Former Gay Rights Protesters Now Set To Support Obama And Democrats

Former Gay Rights Protesters Now Set To Support Obama And Democrats

NEW YORK -- With President Barack Obama set to travel to New York City for a high-profile LGBT fundraiser gala on Thursday and the state of New York likely poised to pass a same-sex marriage bill around the same time, the potential for tension or simply good-old-fashion heckling seems high.

But in surveying a host of gay rights activists and donors, it seems increasingly clear that -- while there remains tremendous disappointment over the speed of Obama's continued "evolution" on gay marriage -- his relationship with the community is in fairly good shape.

One metric: When the Democratic National Committee hosted an LGBT fundraiser nearly two years ago to the day, the prevailing narrative surrounded who exactly would protest. Thursday, two of the three people who conspicuously skipped that event -- either out of moral objection or a longstanding policy against donating to committees -- will play a supporting role. The third is a DNC treasurer who was not available for comment.

David Mixner, the New York City-based author and gay rights activist, will be in attendance when Obama takes the stage at the Sheraton Hotel. Back in June 2009, he vocally criticized the DNC event after the Department of Justice filed a legal brief in support of the Defense of Marriage Act. It called the policy "good for the federal budget" and compared "incest" with gay marriage. With Justice having abandoned its defense of DOMA, and with Obama having successfully pushed a number of pro-gay initiatives –- chief among them the repeal of Don't Ask Don't Tell –- he has happily changed his tune.

"I'm attending tomorrow," he told The Huffington Post. "I didn't raise any money, but I wanted to show that -- even though I'm being a real hard-ass on marriage -- I support the president."

Mixner, whose writing often reflects the disappointed conscience of the gay rights community, said he has noticed a "sea change" in how the administration has approached LGBT issues. Informal polls on his blog used to registered 70 percent disapproval with the president's job performance as recently as the fall of 2010. One month ago, he said, there was 70 percent who rated the job being done as "good or excellent."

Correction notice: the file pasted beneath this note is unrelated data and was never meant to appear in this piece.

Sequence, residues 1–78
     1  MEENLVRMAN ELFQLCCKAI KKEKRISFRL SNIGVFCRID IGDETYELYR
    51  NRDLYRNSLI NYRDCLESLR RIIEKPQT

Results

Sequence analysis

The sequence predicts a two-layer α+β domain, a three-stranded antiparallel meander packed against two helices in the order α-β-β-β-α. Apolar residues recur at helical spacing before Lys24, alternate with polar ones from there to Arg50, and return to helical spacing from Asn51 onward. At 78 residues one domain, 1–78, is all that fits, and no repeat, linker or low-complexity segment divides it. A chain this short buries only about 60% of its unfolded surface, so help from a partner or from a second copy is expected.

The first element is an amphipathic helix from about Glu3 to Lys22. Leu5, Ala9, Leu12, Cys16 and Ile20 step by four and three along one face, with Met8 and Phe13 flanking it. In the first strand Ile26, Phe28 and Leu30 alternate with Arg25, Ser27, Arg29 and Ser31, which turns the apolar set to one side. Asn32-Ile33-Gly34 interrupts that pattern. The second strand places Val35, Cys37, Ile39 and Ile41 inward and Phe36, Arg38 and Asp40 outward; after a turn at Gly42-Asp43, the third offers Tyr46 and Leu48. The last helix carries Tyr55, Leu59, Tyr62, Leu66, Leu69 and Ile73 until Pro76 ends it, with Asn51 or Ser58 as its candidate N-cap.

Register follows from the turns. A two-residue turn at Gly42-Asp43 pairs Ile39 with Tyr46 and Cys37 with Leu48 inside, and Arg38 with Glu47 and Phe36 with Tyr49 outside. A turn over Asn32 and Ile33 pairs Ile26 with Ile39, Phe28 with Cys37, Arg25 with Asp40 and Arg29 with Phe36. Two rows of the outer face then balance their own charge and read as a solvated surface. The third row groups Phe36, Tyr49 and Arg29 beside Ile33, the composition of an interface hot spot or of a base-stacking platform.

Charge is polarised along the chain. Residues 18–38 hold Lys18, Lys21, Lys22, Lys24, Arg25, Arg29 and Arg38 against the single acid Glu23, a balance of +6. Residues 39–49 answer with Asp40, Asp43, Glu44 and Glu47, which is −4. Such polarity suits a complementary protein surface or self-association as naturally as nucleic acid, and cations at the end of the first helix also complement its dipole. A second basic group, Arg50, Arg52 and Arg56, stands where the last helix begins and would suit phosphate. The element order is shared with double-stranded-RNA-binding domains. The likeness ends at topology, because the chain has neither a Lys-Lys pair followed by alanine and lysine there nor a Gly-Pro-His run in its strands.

It's not just activists who are warming up to Obama in the lead up to the presidential campaign. The institutional gay-rights community is getting behind the president's reelection push as well. Obama's advisers are acutely aware of the fundraising prowess of LGBT donors, and they've catered their outreach to reflect that demand.

The thawing of the relationship, however, has worked both ways. The Democrats are back to courting the LGBT community, as well.

Alan Van Capelle, formerly the executive director of the Empire State Pride Agenda and now a deputy in the New York City Comptroller's office, did not attend the DNC fundraiser in 2009. It was, he told The Huffington Post, not due to the DOMA brief, though he did object to it. Rather, it was because he refused to help raise money for the Democratic Party, which then could use those funds to support candidates that opposed LGBT rights.

A year ago, he changed his policy. "This is the first time I've done it," he told The Huffington Post. "Because it is this president, I have confidence about giving to the DNC where I haven't before."

Not everyone in the gay rights community has been so readily persuaded by what Obama has managed to accomplish. His slow, public "evolution" on marriage has produced its fair share of ridicule -- so confident is virtually everyone around the White House that the president secretly supports the cause. There is also a gnawing anger among activists over the fact that they had to protest the president in the first place.

"We had to beat the bejesus out of him to get what we got," said John Aravosis, a prominent activist and blogger. "We had to beat up the president to get him to move. He pretended he would be our fierce advocate, and then they got into the White House and said, 'Uh, we don't have to do what we discussed.'"

"It was all B-list stuff that should have happened day one," he added. "On the big stuff, we shouldn't have had to beat them up to get them to move forward."

But the president did, eventually, move. And the LBGT community as a result of that -- or other compelling political pressures -- is now poised to reward him.

"Look," said Mixner, "what are my options? Michelle Bachmann? Rick Perry in Texas who is going to pray for the family council down in Texas? I don't think so. Let's be practical here."

Jordan Howard contributed to this report.

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